Babylonian Beard

 

Labdanum. Also called LadanumCistus or Rockrose, is a fragrant mediterranean shrub, rich in history, oleo-resin, and tradition, both medicinally and aromatically.

Cistus ladanifer #1
Cistus ladanifer #1 (Photo credit: J.G. in S.F.)

 

The use of Labdanum, Cistus Ladanifera, Cistus Incanus or Cistus Creticus from Crete, has been traced back thousands of years to ancient Egypt, the civilizations of Akkad, Sumeria, Babylon. It is believed to be one of the ingredients in the ancient Hebrews sacred temple incense, “K’toret”. Thus keeping privileged company with such esteemed fragrant oleo-resins as Frankincense, Myrrh and Balm of Gilead

Labdanum is the starting material for most, if not all “Amber” type scents. Since there is no naturally occurring material with this name and fragrance. If you come across anything purported to be “True Amber”, be aware it is a composite material.

Cistis creticus (Cistus) source of traditional Cretan Labdanum

 

The fragrance of Labdanum is musky, warm, masculine, mysterious, balsamic, woody, slightly spicy and sweet. It is a heady odour, rich, complex and long-lasting. To me it speaks of mystery and masculinity. Not aggressive or self-serving masculinity, as Mars’ energy can be at times, but the powerful and gentle, nourishing strength of  the Sun. The kind of warm masculinity I associate with wisdom, compassion, love and healing. Labdanum speaks to me of the mystery and magic that we, the not so fair sex, are bestowed with. The receptive side that most men often do not discover till later in life.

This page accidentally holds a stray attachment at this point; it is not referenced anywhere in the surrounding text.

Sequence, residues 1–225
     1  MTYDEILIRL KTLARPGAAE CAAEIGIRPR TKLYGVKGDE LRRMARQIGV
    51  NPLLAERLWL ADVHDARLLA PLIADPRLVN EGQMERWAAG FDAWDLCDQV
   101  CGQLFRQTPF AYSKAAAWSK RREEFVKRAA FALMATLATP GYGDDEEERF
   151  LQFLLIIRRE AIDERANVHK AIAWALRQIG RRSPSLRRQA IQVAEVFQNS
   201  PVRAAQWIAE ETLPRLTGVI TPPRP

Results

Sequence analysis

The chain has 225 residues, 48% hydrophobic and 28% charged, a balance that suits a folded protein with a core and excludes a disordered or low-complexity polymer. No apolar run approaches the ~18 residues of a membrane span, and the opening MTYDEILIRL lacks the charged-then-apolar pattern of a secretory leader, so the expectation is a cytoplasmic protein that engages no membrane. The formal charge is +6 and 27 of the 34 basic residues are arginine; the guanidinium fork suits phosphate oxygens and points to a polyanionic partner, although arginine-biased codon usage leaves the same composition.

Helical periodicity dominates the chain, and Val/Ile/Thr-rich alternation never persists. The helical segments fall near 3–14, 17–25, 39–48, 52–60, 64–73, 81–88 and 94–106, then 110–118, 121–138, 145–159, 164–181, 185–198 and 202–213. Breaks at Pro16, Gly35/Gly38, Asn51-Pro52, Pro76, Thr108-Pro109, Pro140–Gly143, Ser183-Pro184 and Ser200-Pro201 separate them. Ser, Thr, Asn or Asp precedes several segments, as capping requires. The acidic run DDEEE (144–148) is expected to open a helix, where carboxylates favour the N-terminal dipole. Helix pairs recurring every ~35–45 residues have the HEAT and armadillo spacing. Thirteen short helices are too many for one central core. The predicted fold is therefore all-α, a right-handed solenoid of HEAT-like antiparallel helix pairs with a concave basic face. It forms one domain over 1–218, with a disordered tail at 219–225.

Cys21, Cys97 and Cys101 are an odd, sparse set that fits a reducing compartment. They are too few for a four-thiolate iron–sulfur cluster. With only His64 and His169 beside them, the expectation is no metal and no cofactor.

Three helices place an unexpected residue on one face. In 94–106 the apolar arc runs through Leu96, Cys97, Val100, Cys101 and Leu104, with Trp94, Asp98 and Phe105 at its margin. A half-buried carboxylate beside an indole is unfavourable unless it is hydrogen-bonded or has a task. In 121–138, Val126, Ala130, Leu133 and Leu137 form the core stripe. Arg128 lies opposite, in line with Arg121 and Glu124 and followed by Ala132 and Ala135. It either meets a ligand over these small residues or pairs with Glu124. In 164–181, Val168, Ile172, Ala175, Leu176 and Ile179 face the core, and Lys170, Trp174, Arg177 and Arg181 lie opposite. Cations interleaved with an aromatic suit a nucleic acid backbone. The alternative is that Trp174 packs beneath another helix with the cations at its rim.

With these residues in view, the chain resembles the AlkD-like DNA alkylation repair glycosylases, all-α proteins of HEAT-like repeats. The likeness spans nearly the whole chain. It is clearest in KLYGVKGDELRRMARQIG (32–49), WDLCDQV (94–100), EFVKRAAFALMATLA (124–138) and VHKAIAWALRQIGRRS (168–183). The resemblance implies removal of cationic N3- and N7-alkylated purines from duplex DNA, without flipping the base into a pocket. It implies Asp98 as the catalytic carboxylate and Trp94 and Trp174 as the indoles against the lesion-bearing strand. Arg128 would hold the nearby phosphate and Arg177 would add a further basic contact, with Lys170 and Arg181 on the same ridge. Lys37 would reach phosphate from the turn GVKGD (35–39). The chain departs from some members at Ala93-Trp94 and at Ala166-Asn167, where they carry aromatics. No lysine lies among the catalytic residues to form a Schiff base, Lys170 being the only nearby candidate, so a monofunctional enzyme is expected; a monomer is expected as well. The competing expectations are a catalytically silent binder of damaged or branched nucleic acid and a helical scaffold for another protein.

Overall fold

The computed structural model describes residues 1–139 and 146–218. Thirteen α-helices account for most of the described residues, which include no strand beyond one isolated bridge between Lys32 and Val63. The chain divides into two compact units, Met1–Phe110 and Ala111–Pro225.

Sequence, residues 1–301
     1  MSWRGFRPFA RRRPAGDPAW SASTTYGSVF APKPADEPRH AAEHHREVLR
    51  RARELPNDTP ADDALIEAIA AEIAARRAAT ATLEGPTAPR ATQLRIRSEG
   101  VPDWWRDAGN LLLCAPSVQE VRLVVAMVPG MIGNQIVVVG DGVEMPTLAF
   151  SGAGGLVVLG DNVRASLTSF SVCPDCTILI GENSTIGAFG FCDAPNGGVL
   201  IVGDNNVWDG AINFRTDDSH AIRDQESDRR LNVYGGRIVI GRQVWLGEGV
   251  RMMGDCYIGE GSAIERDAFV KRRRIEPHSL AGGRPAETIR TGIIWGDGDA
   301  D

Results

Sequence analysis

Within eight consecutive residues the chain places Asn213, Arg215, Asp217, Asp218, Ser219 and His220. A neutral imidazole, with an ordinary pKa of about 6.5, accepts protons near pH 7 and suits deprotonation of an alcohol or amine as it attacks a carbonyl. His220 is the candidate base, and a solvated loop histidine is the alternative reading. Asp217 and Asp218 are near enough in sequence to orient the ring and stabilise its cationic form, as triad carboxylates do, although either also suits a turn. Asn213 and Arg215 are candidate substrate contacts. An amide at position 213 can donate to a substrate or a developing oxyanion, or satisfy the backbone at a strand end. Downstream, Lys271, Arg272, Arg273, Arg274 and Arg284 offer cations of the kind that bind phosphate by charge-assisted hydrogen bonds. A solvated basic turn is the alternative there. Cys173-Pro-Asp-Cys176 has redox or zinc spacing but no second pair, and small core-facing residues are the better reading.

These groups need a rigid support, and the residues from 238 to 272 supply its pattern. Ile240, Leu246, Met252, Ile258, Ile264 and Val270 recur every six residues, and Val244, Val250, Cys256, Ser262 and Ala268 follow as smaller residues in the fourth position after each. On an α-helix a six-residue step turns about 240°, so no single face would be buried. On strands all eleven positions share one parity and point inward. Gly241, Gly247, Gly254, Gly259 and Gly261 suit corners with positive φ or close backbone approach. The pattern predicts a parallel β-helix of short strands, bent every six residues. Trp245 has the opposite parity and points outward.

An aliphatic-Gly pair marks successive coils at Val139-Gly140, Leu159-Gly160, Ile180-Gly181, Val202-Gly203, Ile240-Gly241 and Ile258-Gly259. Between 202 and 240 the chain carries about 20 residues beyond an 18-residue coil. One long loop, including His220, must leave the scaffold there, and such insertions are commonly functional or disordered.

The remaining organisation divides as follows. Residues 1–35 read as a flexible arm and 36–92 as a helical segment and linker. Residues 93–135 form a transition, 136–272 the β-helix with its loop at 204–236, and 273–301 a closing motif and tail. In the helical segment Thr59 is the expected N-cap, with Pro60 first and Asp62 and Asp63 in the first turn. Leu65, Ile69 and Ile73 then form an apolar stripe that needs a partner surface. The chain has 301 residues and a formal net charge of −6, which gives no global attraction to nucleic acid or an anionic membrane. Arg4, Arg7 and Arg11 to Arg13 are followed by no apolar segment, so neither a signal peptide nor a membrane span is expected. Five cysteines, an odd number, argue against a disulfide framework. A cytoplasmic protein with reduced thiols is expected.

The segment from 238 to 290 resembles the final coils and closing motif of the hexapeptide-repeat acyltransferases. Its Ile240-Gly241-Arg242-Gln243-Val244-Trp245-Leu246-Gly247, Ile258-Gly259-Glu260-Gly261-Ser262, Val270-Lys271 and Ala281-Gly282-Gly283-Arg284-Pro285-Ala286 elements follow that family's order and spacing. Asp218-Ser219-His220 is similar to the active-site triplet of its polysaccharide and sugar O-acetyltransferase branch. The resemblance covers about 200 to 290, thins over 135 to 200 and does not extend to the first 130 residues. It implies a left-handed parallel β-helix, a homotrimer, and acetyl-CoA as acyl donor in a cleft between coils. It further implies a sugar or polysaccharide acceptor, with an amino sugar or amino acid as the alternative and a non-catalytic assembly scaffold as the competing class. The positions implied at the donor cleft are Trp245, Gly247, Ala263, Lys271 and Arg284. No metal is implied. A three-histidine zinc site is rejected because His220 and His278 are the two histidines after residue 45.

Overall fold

English: Adam and Eve
English: Adam and Eve (Photo credit: Wikipedia

 

Yes, men have a mystery too, an intuitive and sensitive side, a perspective and insight that only men can have. One of equal weight, but less obvious as the better known womanly mysteries. For in this reality of duality, there could not be one without the other. Nor can we respect and honour one without accepting the other as its equal and counterpoint . It can work no other way. Yin and Yang. It is a gift that all men can draw upon.

 

 

 

One symbol of masculinity that cannot be refuted is A beard.  They say a man’s beard covers his throat area, the seat of his emotions and vulnerability, hiding and protecting them. I can’t disagree. It certainly feels necessary at times. Believe it or not, it’s not easy being a man in our society.  But we also embrace and  care for our masculine nature by growing and grooming our facial hair.

 

Sumerian-Babylonian-Beard

 

My personal favourite beard dressing ingredient is, you guessed it, Labdanum. It has a warm comforting and familiar scent to it, as if carried through lifetimes and centuries, adhered to our spirits.  It does have an ancient and timeless quality to it, and as mentioned, it is persistent!             Persistent enough to stick to our memory and genes 2000, 3000 or 5000 years later?  Apparently.

Assyrian composite man/horse/bird with beard
Assyrian composite man/horse/bird with beard

Labdanum, as other oleo-resins, has an affinity with facial hair. If anyone has read my earlier post about mustaches, Waxing warmly over mustaches, or a recipe for solid mustache wax, you will know I find oleo-resins a great aid in training facial hair. I have not researched the chemistry of this effect, but the resin part seems to have chemical compounds that affect hair behaviour. Labdanum works just as well as Pine, Spruce and Fir saps in this regard. It helps shape my beard, training it to hold a form long after the Labdanum has gone from my face. It helps with stray hairs, cowlicks and in general keeps things in place without the use of extra waxes and gels. And of course, the warm Amber like scent that Labdanum imparts to my facial hair is reason enough to slather it on regularly.

 

Mesoporamian relief
Mesopotamian relief